Over the years, I have come to appreciate the Schlossberg terroir as one of my absolute favorites – also from other producers including Albert Mann and Weinbach. The Schlossberg has long been recognized as something special: it was indeed the first vineyard to officially become a grand cru in 1975, when Alsace began (much later than other French wine producing regions) to create a classification system. I have heard of plans to designate premiers crus. Already Alsace has 51 grands crus, and I have far from studied and tasted from all of them. There is a sense sometimes of “grand cru inflation” in part coming from the fact that yield limits are likely not low enough, permitting some producers to “dilute” the terroir. I wonder if all the grands crus merit grand cru status, and whether some should be premier cru, for example. But the Schlossberg raises no such doubts. It must be cultivated in terraces, since the steepness of the slope allows no other cultivation system. Facing south, its warm granites are fissured down by the race elements-and-sustenance-hungry roots. Granite brings such appealing freshness to the wines, which are also characterized by floral and vibrant citrus aromatics present in the first years, before minerality asserts its presence after 5 to 10 years of aging.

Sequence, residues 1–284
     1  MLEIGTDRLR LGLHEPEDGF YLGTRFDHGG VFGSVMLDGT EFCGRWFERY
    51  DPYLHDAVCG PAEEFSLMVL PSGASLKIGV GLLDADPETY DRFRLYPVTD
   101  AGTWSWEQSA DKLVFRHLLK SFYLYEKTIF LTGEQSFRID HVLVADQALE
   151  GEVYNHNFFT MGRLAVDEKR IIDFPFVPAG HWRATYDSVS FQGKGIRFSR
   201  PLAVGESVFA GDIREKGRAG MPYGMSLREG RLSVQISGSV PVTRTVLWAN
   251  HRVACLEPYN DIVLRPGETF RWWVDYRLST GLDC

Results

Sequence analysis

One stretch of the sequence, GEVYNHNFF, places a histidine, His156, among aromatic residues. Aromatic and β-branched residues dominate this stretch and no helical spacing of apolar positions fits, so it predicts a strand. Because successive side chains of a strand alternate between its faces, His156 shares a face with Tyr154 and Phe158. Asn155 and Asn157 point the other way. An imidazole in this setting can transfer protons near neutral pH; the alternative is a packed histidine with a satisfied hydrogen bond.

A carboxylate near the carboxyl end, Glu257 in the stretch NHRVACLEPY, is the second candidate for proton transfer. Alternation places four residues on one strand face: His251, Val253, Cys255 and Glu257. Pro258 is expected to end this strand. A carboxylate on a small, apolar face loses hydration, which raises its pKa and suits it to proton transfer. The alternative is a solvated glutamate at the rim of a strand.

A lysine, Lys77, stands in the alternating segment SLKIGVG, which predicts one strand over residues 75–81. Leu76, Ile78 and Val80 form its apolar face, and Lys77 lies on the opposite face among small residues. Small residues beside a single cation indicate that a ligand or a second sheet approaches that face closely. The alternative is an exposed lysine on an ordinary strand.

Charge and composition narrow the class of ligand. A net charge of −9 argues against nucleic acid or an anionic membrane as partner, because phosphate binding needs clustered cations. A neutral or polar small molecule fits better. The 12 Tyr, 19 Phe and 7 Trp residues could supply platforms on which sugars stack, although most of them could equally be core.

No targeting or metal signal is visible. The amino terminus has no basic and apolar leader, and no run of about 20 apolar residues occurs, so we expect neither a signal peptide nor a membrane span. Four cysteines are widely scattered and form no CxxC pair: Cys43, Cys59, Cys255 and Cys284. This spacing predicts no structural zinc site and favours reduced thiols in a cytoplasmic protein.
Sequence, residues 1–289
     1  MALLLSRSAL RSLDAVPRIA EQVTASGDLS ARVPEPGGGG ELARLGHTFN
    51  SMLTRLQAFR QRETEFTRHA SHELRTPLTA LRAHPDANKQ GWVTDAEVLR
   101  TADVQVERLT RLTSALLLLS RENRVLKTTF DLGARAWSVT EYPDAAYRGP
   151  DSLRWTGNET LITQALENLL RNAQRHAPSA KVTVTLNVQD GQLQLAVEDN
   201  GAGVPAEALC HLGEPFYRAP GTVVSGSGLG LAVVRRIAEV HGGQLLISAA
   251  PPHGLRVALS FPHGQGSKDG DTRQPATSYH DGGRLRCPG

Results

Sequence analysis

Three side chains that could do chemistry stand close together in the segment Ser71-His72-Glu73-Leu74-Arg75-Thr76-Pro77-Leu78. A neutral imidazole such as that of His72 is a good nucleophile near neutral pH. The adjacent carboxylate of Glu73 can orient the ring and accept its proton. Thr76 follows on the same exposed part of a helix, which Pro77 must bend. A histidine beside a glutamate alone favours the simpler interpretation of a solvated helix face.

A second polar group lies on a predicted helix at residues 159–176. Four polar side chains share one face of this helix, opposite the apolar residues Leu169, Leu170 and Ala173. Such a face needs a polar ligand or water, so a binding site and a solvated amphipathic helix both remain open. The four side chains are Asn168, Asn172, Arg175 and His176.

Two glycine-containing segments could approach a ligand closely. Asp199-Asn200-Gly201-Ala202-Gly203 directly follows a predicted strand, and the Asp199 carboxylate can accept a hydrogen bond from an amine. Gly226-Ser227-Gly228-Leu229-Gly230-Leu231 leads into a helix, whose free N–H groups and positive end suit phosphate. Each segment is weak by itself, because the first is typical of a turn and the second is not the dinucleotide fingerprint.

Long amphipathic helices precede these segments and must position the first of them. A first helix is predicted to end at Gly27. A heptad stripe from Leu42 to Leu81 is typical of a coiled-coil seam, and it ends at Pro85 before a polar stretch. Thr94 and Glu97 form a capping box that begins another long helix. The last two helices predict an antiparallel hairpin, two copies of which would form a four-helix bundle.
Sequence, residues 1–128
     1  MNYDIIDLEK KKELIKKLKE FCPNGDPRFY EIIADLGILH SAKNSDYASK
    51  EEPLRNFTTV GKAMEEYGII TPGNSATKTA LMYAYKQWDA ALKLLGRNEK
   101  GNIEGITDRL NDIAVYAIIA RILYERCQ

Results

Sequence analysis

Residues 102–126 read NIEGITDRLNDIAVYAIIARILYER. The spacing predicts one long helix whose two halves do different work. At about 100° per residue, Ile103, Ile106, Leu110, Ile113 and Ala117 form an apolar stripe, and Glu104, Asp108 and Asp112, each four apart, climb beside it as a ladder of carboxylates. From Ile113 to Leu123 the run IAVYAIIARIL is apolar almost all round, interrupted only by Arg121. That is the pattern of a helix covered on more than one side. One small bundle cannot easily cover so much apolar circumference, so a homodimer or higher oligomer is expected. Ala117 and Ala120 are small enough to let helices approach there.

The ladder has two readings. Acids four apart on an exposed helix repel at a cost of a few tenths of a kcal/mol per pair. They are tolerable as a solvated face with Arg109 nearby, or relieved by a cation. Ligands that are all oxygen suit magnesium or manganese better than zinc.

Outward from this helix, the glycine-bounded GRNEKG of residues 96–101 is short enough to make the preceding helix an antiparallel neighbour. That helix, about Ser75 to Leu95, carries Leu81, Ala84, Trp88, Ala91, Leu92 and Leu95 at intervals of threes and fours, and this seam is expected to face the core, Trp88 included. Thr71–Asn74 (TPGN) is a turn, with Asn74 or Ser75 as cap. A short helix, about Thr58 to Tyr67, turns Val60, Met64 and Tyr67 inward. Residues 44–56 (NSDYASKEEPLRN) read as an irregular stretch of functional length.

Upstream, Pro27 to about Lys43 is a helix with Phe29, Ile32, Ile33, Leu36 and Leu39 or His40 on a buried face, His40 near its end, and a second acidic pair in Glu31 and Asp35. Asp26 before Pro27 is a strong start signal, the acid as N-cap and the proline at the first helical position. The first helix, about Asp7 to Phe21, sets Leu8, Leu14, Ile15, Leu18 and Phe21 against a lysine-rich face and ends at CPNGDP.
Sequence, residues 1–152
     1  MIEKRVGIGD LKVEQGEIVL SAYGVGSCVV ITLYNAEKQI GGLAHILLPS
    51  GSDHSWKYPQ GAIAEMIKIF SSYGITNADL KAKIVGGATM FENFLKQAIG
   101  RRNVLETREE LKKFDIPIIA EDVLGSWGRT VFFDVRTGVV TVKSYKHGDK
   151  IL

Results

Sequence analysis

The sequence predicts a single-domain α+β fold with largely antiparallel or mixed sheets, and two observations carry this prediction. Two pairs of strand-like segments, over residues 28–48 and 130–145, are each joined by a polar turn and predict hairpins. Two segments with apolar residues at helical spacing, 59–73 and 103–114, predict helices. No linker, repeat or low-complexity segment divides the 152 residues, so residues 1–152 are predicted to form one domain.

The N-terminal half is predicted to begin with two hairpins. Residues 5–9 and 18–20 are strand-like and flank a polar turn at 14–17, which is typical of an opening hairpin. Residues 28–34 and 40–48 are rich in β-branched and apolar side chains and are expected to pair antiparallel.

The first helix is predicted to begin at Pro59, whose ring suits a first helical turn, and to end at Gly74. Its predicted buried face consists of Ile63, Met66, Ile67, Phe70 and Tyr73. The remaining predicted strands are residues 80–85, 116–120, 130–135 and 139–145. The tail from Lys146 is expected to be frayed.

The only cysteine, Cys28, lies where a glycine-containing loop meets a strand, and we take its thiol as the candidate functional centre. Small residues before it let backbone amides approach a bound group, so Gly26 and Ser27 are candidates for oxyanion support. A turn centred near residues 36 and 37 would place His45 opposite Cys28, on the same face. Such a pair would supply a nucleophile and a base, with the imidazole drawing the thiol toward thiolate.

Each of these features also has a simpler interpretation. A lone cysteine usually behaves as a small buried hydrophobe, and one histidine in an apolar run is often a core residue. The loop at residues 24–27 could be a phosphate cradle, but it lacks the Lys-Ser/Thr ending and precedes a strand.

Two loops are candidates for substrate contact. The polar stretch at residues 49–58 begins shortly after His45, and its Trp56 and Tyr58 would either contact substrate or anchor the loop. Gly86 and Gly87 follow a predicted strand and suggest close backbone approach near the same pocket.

Paul Blanck makes some of the best Schlossberg Riesling money can buy. At only €15 per bottle at the property, this constitutes a tremendous bargain for wine lovers, as I again was able to taste on Saturday 3 August 2013 at the domaine. 2009 is not by any means the best vintage for Riesling in recent years, as it overall likely does not have the same freshness and vivacious nature of the 2010 vintage, which many are calling among the best in modern memory. 2008 is also magnificent. But I tried neither at the tasting, and the Paul Blanck Schlossberg Grand Cru Riesling 2009 was notable for its precision and richness, certainly the best of the Rieslings we tried with the possible exception of the Furstentum 2007, which comes from another grand cru terroir of another style, and from a rather better vintage – see next entry.